Our main research question is how sexual attraction is involved in the initial divergence of populations, and thus the first step in speciation. Since sexual attraction can directly lead to assortative mating, we aim to understand which genes are involved in within-species variation and which factors may cause variation in sexual attraction. For a more detailed description, click on tab "Research" and on the link below to my website at the Max Planck Institute for Chemical Ecology.
Metro filmpje: Hoe belangrijk zijn seksferomonen (in Dutch)
Promo-clip Master track Ecology & Evolution
Science video „How is Genetic Variance Maintained through Sexual Selection?” with Astrid Groot, published on www.latestthinking.org (Open Access Video Journal)
Inaugural lecture 19 September 2018 (in Dutch)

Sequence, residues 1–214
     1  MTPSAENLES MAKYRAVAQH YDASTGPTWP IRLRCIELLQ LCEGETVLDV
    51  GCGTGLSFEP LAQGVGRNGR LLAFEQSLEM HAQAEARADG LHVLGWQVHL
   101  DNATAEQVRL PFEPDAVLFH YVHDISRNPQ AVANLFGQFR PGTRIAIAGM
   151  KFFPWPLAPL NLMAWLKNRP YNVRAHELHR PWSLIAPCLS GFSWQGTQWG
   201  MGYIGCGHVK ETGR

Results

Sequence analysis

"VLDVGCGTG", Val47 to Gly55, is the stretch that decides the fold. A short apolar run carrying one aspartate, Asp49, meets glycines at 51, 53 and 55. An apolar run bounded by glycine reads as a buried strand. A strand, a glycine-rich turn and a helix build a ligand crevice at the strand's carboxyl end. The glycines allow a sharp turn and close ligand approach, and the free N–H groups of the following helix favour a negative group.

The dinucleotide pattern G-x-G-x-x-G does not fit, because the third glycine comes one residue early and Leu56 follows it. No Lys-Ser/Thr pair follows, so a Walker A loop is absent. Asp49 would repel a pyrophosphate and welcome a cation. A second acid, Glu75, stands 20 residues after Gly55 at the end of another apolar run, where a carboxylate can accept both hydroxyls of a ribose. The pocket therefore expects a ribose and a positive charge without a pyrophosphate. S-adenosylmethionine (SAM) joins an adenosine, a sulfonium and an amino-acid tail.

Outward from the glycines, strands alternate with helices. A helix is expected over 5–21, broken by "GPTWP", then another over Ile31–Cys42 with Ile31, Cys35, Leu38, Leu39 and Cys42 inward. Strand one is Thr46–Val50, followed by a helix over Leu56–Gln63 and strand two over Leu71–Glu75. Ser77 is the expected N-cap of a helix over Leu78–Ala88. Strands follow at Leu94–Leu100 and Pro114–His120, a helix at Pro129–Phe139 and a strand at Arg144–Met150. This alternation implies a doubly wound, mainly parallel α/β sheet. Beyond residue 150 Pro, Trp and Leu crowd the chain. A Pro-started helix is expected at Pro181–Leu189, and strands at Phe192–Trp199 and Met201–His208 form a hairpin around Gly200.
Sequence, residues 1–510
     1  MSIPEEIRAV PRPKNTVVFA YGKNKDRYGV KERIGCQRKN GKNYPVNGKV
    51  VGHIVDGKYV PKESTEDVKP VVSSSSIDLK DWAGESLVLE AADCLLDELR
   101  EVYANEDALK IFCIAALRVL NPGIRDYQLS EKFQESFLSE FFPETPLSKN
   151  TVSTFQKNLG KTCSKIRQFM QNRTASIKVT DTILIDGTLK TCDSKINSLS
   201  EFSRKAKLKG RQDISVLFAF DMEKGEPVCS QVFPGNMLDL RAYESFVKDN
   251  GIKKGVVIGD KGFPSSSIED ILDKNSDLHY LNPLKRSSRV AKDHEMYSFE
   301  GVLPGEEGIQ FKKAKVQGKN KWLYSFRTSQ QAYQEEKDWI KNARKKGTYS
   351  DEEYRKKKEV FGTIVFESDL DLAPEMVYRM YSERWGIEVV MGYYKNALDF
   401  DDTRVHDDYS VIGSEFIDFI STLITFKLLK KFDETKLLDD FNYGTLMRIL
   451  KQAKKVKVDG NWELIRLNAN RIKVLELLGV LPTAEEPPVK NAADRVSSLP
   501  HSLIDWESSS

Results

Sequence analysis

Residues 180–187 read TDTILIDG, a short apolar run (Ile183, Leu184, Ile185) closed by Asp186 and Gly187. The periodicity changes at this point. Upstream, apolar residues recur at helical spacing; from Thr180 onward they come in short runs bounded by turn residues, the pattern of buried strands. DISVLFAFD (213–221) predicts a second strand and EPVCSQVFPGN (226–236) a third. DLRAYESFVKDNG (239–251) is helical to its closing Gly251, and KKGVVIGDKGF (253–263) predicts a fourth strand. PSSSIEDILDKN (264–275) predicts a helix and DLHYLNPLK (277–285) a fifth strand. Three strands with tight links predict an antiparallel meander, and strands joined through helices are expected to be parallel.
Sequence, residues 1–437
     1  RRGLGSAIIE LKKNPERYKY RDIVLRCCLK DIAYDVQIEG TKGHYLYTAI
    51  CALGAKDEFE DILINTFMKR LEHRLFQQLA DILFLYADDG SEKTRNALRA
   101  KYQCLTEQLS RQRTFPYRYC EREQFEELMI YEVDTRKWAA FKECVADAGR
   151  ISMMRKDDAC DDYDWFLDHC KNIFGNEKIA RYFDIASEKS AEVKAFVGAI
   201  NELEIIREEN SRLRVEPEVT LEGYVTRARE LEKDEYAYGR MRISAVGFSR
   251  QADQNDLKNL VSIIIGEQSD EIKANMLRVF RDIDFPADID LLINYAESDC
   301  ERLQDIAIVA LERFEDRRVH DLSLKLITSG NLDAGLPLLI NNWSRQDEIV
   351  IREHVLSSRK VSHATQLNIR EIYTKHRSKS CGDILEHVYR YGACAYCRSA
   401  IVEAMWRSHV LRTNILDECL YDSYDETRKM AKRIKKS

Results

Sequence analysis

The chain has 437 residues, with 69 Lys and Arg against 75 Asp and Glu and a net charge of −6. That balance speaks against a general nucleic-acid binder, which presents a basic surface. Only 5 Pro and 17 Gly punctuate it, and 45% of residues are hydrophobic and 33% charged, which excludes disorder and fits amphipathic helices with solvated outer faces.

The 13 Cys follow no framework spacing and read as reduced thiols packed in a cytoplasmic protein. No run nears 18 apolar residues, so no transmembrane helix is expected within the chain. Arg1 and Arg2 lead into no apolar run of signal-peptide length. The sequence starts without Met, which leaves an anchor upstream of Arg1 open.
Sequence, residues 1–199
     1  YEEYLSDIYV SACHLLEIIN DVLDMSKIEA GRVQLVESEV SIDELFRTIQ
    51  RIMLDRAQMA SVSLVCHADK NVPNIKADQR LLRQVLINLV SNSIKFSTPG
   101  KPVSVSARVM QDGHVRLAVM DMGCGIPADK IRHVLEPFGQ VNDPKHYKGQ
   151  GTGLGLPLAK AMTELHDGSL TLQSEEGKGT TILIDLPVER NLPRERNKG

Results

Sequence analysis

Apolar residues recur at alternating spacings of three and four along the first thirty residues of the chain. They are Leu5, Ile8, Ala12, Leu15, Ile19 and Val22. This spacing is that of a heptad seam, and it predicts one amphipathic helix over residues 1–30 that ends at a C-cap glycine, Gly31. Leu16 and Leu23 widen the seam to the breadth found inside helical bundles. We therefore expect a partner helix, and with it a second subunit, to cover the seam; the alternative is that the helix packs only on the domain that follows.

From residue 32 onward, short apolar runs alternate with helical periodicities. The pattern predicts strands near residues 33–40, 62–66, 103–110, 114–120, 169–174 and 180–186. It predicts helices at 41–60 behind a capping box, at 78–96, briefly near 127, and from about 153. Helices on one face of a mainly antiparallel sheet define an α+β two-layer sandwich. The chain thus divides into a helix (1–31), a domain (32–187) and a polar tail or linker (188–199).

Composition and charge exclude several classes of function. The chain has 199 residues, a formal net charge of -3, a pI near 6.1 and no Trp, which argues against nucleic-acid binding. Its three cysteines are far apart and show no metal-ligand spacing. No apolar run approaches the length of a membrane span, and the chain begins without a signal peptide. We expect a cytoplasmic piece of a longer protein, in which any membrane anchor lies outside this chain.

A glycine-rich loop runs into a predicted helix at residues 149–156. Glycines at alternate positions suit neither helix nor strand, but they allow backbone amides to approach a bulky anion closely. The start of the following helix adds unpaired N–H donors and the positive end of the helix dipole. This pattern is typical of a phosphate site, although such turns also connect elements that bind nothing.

Sexual attraction is the first step in determining who mates with whom. The evolution of sexual communication thus plays a pivotal role in the process of speciation. However, very little is known on the causes of initial divergence between populations in finding mating partners, and whether variation in sexual attraction can drive divergence between populations or whether such variation follows after populations have diverged due to ecological factors. Nocturnal moths are ideal animals to address this research question, because their communication channel is virtually all pheromonal, and the pheromone components are very well defined. Our research revolves around the following two major questions: I) what is the genetic basis of intraspecific variation in sexual communication, and II) what environmental factors may (have) cause(d) variation in sexual communication. Our research can be divided into six main areas.